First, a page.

UOM Mechatronics/electrical engneering student help Watch

john_iqbal786
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I am considering attending uni of Manchester for mechatronics and would like to know how the course is and if you feel like you are supported well by the department and that the course runs smoothly. If you are a mechatronics student then what do you think of the mechanical modules and the lecturers for the modules? Is the mechatronics course any good?
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FarukFS
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Hello. I am currently in my 2nd year of mechatronics, (just finished first year). The course is pretty good and yes, you do feel supported by the department and the staff is very friendly. About the mechanics modules, I can't really tell you that much because in the first year every student of EEE shares the same subjects and lectures. We don't cover a lot of mechanics in the first year, just in a subject of 2nd semester and just a little bit, but I've heard that in 2nd year you'll see more mechanics. Most of the lectures are really good.
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john_iqbal786
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(Original post by FarukFS)
Hello. I am currently in my 2nd year of mechatronics, (just finished first year). The course is pretty good and yes, you do feel supported by the department and the staff is very friendly. About the mechanics modules, I can't really tell you that much because in the first year every student of EEE shares the same subjects and lectures. We don't cover a lot of mechanics in the first year, just in a subject of 2nd semester and just a little bit, but I've heard that in 2nd year you'll see more mechanics. Most of the lectures are really good.
Thanks for your reply,
I just have a few more questions (sorry to bombard you with all of this)
Would you say your personal tutor and tutorials are helpful and do you go through work in them, how many students are in your tutor group and how many would you say are on your course?
Also, how do you find life in Manchester, some say it can be quite lonely and isolating because its not exactly a proper campus. Since the engineering building is in North campus, would you think it be better to get into uni halls as close as possible or would it not matter. Where did you stay and how was the travel to the campus? How did you find the engineering facilities, labs and lecture halls, were any old /outdated (I didn't get to see on my open day. I know the buildings quite old )
How ethnically diverse is the course /university. Are there many Pakistani students?
Do you have any regrets about going to study in Manchester for this course? Would you have gone anywhere else?

Once again sorry for the massive list of questions. I haven't been able to get in contact with a mechatronics student at Manchester yet
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FarukFS
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(Original post by john_iqbal786)
Thanks for your reply,
I just have a few more questions (sorry to bombard you with all of this)
Would you say your personal tutor and tutorials are helpful and do you go through work in them, how many students are in your tutor group and how many would you say are on your course?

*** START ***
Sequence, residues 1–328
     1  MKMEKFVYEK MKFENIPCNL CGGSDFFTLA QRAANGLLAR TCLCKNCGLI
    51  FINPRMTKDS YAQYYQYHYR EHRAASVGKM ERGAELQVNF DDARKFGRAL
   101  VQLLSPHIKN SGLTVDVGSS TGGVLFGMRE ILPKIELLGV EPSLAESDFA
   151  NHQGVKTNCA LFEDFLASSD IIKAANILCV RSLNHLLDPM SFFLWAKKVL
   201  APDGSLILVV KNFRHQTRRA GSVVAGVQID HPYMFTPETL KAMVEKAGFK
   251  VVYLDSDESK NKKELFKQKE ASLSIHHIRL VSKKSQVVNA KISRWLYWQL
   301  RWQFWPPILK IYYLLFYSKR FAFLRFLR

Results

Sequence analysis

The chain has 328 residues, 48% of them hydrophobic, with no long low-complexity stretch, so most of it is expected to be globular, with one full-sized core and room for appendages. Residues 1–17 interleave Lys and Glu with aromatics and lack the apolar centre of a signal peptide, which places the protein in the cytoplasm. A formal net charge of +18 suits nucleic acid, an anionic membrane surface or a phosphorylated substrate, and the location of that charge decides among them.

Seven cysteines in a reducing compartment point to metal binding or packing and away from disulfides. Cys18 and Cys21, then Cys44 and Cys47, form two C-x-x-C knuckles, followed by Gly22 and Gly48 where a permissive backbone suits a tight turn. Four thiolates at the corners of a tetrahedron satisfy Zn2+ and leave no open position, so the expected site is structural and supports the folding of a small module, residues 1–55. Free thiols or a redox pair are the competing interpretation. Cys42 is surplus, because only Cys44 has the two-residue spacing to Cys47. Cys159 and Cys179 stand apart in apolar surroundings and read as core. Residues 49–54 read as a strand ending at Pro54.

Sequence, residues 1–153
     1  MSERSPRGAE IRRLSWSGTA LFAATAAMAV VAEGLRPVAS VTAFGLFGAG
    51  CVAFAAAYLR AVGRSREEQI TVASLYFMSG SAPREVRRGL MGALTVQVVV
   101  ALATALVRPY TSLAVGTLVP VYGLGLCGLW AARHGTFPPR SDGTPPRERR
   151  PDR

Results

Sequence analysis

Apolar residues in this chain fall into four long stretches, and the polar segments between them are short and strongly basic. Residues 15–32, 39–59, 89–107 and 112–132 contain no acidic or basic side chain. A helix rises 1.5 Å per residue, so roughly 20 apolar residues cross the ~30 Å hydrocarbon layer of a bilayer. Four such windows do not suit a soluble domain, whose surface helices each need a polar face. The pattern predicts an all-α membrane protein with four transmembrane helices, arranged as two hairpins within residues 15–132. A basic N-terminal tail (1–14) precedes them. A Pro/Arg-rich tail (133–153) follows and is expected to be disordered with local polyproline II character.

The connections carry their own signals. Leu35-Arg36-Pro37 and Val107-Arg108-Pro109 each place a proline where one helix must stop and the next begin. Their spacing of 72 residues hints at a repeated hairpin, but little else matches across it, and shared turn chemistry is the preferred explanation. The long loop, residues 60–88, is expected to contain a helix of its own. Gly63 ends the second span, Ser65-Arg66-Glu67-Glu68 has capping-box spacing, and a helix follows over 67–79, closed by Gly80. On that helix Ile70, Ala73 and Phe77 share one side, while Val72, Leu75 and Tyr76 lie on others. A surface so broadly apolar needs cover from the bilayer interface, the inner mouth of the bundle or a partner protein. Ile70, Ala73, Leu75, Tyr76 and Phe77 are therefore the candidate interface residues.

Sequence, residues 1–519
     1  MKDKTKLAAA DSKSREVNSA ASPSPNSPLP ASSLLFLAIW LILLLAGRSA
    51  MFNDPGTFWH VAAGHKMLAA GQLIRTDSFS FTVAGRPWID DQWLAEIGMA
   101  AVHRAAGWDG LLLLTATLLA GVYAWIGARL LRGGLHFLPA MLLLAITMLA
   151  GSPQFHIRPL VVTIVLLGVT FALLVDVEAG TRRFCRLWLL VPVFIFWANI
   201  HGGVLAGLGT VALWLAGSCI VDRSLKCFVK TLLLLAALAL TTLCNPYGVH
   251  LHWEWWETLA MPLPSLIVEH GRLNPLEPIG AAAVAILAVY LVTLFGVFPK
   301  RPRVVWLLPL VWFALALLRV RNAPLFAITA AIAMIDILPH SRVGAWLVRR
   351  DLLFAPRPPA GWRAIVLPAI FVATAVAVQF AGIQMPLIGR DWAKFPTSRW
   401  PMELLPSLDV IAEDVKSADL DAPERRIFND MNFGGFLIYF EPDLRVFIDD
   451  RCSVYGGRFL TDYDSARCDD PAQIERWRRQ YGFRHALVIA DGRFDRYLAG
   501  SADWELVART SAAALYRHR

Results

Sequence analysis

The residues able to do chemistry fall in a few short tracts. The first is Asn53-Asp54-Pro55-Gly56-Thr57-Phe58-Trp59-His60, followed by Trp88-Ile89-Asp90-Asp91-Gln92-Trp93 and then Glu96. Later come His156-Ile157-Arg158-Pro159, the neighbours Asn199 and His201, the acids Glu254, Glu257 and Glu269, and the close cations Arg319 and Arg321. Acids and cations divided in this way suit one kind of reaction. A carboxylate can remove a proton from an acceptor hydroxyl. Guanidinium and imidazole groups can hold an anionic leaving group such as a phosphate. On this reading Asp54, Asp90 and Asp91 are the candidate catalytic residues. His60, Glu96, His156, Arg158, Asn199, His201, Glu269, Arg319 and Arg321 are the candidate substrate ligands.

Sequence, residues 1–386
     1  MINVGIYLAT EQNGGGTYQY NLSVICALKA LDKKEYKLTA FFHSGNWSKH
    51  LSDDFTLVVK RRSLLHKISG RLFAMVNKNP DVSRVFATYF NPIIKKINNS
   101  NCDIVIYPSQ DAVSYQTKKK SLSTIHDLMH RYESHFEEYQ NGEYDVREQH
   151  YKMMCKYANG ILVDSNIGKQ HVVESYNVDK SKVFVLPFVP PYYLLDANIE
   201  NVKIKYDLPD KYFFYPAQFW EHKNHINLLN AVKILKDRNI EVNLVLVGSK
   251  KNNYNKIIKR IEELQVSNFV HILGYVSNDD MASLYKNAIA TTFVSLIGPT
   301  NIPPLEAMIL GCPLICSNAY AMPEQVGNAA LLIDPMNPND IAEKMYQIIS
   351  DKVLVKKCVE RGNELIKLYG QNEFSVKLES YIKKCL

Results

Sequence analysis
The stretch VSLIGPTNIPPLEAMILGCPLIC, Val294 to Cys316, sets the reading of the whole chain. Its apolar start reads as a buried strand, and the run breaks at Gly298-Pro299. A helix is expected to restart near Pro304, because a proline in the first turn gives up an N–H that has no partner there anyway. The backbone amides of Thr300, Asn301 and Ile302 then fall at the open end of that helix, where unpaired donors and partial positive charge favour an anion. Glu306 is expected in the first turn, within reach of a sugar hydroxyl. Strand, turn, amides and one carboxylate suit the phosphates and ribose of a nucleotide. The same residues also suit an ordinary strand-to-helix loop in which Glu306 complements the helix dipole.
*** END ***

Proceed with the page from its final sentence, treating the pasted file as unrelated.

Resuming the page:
Also, how do you find life in Manchester, some say it can be quite lonely and isolating because its not exactly a proper campus. Since the engineering building is in North campus, would you think it be better to get into uni halls as close as possible or would it not matter. Where did you stay and how was the travel to the campus? How did you find the engineering facilities, labs and lecture halls, were any old /outdated (I didn't get to see on my open day. I know the buildings quite old )
How ethnically diverse is the course /university. Are there many Pakistani students?
Do you have any regrets about going to study in Manchester for this course? Would you have gone anywhere else?

Once again sorry for the massive list of questions. I haven't been able to get in contact with a mechatronics student at Manchester yet
It's ok, dont worry hahaha. Yes, the tutorial sessions are very useful as you will be given a sheet of exercises of every subject that you need to complete every week, if you don't understand a question you can ask any of your friends and if they also don't know how to do it, you can ask your tutor and he will go through it. In my tutorial sessions there were approximately 6-8 students. In the course approximately 250 students because as I told you, in the first year all EEE students share the same modules. It can be lonely if you don't socialize with people but since the first day I met many friends. It is true that is not a proper campus but it is very sociable. I stayed in Denmark road which is in city campus because I wanted my own toilet, but if that's not a problem Wright Robinson hall is the closest to North campus. I used to take the bus everyday, it was like 7 minutes ride, or you can walk from city campus and it's like 15-20 minutes. The labs have very good equipment that they'll teach you how to use and it's not old at all, same thing with the lecture halls, most of them will be in Renolds building which looks a little bit old from the outside but the lecture halls that you'll use are relatively new and all of your lectures will be recorded so you can watch them later online. The course is very very ethnically diverse and there are many Pakistani students and also many many Muslim students. I don't regret going to Manchester.
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john_iqbal786
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(Original post by FarukFS)